Solar’s First Trillion Watts Arrives During a Wartime Energy Transition
Efforts to fight climate change often adopt the language of war. It’s aspirational, in a dark way.
The energy transition has become a weapon.
That’s one consequence of the Russian invasion of Ukraine. If war is a force that gives us meaning, this one is redefining the global energy system. What had until recently been Europe’s decades-long pursuit of a green agenda to replace coal and natural gas with wind turbines and batteries has become a matter of wartime urgency. Leaders in Brussels, Berlin, Paris, and Warsaw woke up to a new reality in which spending up to $1 billion per day on Russian fossil fuels meant financing the missiles exploding in Kyiv. So the transition accelerates.
Efforts to fight climate change often adopt the language of war. It’s aspirational, in a dark way. Scientific warnings and extreme weather haven’t yet spurred the global economy to fully mobilize against greenhouse gas. So those who want more urgency resort to combat metaphors. Now an actual war might turn, in part, on curbing or even embargoing one of the biggest sources of fossil fuels.
Clean energy isn’t waiting for a geopolitical shift. The world stands on the verge of installing its one-thousandth gigawatt of solar electricity. The road to that milestone — the first solar terawatt — started with the invention of primitive panels in the 1950s. The second terawatt will come in less than four years, according to BloombergNEF. It’s possible that India, with a new net-zero goal, will play a China-size role in the next stage.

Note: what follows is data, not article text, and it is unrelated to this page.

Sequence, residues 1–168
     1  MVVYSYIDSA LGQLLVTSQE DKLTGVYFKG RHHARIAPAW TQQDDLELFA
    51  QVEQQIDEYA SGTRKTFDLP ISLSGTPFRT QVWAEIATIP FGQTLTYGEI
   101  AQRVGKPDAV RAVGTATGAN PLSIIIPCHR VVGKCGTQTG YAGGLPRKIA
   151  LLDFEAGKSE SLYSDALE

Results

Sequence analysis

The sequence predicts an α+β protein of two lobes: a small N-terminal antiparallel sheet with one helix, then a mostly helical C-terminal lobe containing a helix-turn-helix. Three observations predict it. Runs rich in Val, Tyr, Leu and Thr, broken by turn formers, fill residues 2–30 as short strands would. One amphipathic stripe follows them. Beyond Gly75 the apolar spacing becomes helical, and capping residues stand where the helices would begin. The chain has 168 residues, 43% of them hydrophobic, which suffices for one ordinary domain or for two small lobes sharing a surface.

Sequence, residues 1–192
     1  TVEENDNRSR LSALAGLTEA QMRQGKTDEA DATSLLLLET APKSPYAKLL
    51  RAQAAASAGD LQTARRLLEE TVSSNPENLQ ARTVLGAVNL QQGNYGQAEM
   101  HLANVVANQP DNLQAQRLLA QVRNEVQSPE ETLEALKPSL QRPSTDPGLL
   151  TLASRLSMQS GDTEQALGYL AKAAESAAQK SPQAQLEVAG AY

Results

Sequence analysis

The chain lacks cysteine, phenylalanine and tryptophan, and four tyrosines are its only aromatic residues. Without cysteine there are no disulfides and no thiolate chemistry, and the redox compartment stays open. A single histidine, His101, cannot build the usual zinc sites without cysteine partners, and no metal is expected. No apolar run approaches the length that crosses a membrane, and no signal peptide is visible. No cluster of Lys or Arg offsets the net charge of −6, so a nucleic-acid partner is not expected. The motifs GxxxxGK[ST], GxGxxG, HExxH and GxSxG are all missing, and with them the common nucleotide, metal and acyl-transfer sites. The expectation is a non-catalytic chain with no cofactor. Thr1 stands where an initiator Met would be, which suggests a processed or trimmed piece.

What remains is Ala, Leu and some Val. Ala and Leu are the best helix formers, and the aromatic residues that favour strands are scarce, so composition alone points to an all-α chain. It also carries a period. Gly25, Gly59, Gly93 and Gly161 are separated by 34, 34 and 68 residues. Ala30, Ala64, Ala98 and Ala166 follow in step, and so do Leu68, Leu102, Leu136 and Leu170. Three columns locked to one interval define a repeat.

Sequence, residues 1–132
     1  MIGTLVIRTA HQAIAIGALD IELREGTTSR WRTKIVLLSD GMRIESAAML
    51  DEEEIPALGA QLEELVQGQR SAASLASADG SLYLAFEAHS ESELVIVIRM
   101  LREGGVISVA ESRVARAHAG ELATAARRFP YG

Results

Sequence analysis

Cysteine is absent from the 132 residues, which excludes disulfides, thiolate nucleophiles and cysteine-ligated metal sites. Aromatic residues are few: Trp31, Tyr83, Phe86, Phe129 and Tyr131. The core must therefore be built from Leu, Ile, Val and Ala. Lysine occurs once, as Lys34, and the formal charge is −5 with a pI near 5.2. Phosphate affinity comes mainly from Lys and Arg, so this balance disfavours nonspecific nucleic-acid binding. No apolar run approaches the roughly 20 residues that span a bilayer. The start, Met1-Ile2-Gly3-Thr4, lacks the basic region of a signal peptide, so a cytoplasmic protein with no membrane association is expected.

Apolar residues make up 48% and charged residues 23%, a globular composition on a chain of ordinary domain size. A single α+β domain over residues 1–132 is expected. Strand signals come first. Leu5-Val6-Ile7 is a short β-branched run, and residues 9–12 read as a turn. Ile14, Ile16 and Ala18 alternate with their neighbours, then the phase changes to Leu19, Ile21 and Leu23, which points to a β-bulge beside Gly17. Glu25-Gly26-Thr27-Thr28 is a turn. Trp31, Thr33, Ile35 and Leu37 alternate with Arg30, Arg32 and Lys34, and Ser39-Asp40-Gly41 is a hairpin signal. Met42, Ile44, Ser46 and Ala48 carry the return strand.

The growing markets for renewables haven’t escaped the inequities that shape the fossil economy. Microfinance businesses bringing solar rigs to rural Africa end up turning off the lights on villagers and refugees when the payments stop, and mircogrids already built in Indonesia are shutting off for lack of funding. The planet’s cheapest energy source is, somehow, still unaffordable for those who need it most.
Welcome to the sixth issue of Bloomberg Green’s magazine.
Stories from the latest issue will continue rolling out until early April, and everything we’ve published will be available on this collection page. The only magazine focused on climate and the energy transition is sent to our all-access subscribers, so sign up today to receive a print edition along with full digital access to Bloomberg Green. Here are some of the highlights so far…
- Meet the new Arctic scientists. Inuit groups are reshaping climate research with local knowledge from living with ice.
- The rich are different. They account for far more emissions, regardless of the wealth of the nation where they live — and we have the data to prove it.
- What happens when London’s housing crisis meets its flood-prone future? These maps show the areas at risk.
- The giant rock statues of Easter Island that have survived from antiquity face an uncertain future due to climate change.
- This green building is flunking New York’s climate law. And one of Manhattan’s real estate powerhouses isn’t happy about it.
- Dam builders around the world are pushing into high-risk areas, often based on outdated climate data.
- The confessions of a carbon seller who made millions on faulty offsets and now wants to fix a broken system.
- Kim Stanley Robinson’s plan to save the Doomsday Glacier: send the navy and the oil industry to Antarctica.
- The world’s greenest insurance giant faces the choice of burning its clients or burning more carbon.
- The bankers who lend billions to the oil and gas industry aren’t feeling the pinch of net-zero just yet.
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